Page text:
Over 35 different subtypes of synesthesia may exist, according to researchers at Boston University. Among the more common ones are color-graphemic, in which certain letters or numbers are perceived to have specific colors, and color-auditory, in which sounds are linked to colors and other visual stimuli.

The condition is present in as much as 4 percent of the population, according to a study cited by the researchers David Brang and V.S. Ramachandran, and can be triggered by drugs, sensory deprivation, or brain damage in people who don't otherwise experience it. It may even be something that most young children have, but that we grow out of as our brains develop specific sensory pathways.

Synesthesia seems to be more common among artists and writers (famous examples include Wassily Kandinsky and Vladimir Nabokov), perhaps giving them a wider range of ways to describe the world we all live in.

Is Everyone a Little Bit Synesthetic?

While the people in this study felt emotions that associated music with certain colors, Stephen Palmer explained in an email to Medical Daily, synesthetic people experience sensory blending without necessarily having strong emotional associations about their perceptions.

Previous studies in his lab have shown that synesthetes' color experiences to the same classical music do not have the same robust emotional effect that non-synesthetes displayed, suggesting a direct mapping from sound to color in the brain that is not mediated by emotion.

It's poorly understood how and why synesthesia develops, but Palmer is open to the idea that similar emotional mechanisms are at work in synesthetes' perceptions - they might just be more muted.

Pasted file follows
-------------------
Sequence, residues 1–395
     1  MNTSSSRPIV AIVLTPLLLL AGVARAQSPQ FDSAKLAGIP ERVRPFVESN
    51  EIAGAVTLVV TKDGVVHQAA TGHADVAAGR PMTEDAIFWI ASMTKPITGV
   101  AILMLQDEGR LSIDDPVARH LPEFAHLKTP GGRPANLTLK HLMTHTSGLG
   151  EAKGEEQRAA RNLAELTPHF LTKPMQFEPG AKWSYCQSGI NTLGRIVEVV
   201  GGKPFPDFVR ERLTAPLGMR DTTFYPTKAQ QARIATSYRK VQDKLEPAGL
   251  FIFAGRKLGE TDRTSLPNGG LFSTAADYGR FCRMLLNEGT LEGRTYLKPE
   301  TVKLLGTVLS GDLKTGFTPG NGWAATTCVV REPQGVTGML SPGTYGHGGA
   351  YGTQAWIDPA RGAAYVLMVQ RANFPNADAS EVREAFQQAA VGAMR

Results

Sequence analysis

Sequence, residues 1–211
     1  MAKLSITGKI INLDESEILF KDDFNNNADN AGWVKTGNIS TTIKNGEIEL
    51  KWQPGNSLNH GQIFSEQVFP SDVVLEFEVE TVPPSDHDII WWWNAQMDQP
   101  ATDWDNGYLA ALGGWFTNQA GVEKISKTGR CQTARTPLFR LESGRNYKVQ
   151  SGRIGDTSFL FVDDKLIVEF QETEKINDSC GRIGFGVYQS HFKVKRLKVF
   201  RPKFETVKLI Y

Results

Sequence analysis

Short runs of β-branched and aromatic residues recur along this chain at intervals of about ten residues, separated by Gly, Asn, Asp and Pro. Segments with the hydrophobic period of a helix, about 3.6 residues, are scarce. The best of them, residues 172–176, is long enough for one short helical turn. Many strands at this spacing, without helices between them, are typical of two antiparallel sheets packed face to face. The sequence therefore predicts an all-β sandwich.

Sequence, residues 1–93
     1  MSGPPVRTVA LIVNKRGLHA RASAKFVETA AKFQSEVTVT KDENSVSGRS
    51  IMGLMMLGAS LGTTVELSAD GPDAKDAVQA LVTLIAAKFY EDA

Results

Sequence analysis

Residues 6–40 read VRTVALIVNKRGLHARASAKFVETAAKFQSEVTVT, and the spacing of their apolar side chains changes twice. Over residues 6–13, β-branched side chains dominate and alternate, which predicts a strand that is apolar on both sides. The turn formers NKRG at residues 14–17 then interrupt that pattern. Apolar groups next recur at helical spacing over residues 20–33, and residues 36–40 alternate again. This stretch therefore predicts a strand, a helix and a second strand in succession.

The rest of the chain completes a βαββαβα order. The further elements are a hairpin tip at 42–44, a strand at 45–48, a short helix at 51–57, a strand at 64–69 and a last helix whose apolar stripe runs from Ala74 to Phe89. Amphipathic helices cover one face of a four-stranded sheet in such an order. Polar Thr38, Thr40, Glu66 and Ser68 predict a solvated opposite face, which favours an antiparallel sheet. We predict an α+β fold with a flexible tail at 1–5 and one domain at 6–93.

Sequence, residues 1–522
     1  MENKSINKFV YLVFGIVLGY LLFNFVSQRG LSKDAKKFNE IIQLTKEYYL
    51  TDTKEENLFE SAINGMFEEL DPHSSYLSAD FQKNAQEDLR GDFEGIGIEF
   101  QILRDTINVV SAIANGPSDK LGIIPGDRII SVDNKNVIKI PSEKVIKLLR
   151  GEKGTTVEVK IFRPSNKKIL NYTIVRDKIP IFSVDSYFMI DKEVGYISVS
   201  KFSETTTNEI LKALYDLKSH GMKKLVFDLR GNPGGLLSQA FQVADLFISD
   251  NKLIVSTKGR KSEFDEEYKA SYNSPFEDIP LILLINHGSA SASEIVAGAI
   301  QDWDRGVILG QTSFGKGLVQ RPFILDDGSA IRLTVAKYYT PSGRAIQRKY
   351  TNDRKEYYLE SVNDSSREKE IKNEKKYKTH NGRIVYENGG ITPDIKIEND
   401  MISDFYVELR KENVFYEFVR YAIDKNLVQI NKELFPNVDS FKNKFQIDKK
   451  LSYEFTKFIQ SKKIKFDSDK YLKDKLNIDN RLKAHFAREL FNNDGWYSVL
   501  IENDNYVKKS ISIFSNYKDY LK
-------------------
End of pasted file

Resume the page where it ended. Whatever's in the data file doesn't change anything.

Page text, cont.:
"Perhaps emotional experiences from early childhood have become 'frozen' into their direct neural mappings from music to colors, which then last into adulthood," he suggested, though investigating that would require experiments that are difficult to execute.

That might suggest that cross-sensory associations exist at different levels for all people, with synesthetes experiencing the most intense ones, but there isn't much evidence for such a clean spectrum.

"The striking regularity of the color associations indicated by non-synesthetic people to the classical orchestral music studied in the PNAS article suggests the possibility of a continuum of some kind between synesthetes and non-synesthetes.

"However, further research with music-to-color synesthetes using much simpler and better-controlled musical stimuli (single-line piano melodies by Mozart) indicates a weaker role for emotion in the colors synesthetes experience and one that may arise from different underlying brain mechanisms."

That is to say, the sensory experiences of people with synesthesia might just be fundamentally different on a neural level.

In future research, Palmer and his team will study how people in non-Western cultures associate colors and music, particularly in ones that use a broader range of scales than just major and minor.

"We know that in Mexico and the U.S. the responses are very similar," he said. "But we don't yet know about China or Turkey."

In the meantime, he suggests, the findings could help artists and computer programmers design more compelling music visualizers on iTunes. If nothing else, that could make listening to your favorite tracks much more emotionally engrossing.


S E Palmer, K B Schloss, Z Xu, and L R Prado-León. Music-color associations are mediated by emotion. PNAS .2013.